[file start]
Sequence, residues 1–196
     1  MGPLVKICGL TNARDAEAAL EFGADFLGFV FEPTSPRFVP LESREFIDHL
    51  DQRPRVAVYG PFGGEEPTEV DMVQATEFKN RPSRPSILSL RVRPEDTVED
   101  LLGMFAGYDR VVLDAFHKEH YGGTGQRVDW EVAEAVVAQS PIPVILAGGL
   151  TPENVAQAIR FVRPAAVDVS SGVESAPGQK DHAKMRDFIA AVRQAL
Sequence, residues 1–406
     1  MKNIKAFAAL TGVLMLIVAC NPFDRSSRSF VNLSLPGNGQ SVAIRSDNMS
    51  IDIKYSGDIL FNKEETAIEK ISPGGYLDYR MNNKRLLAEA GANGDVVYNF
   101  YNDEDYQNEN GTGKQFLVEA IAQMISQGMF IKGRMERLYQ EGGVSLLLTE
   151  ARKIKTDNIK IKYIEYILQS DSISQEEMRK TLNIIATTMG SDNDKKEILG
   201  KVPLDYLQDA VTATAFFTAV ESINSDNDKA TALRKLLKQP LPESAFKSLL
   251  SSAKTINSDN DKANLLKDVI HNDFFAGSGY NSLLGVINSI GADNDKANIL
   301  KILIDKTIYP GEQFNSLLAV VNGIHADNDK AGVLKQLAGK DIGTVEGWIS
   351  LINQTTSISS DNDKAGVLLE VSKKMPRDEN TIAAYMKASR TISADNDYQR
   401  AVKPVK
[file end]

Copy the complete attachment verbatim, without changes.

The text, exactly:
Sequence, residues 1–196
     1  MGPLVKICGL TNARDAEAAL EFGADFLGFV FEPTSPRFVP LESREFIDHL
    51  DQRPRVAVYG PFGGEEPTEV DMVQATEFKN RPSRPSILSL RVRPEDTVED
   101  LLGMFAGYDR VVLDAFHKEH YGGTGQRVDW EVAEAVVAQS PIPVILAGGL
   151  TPENVAQAIR FVRPAAVDVS SGVESAPGQK DHAKMRDFIA AVRQAL
Sequence, residues 1–406
     1  MKNIKAFAAL TGVLMLIVAC NPFDRSSRSF VNLSLPGNGQ SVAIRSDNMS
    51  IDIKYSGDIL FNKEETAIEK ISPGGYLDYR MNNKRLLAEA GANGDVVYNF
   101  YNDEDYQNEN GTGKQFLVEA IAQMISQGMF IKGRMERLYQ EGGVSLLLTE
   151  ARKIKTDNIK IKYIEYILQS DSISQEEMRK TLNIIATTMG SDNDKKEILG
   201  KVPLDYLQDA VTATAFFTAV ESINSDNDKA TALRKLLKQP LPESAFKSLL
   251  SSAKTINSDN DKANLLKDVI HNDFFAGSGY NSLLGVINSI GADNDKANIL
   301  KILIDKTIYP GEQFNSLLAV VNGIHADNDK AGVLKQLAGK DIGTVEGWIS
   351  LINQTTSISS DNDKAGVLLE VSKKMPRDEN TIAAYMKASR TISADNDYQR
   401  AVKPVK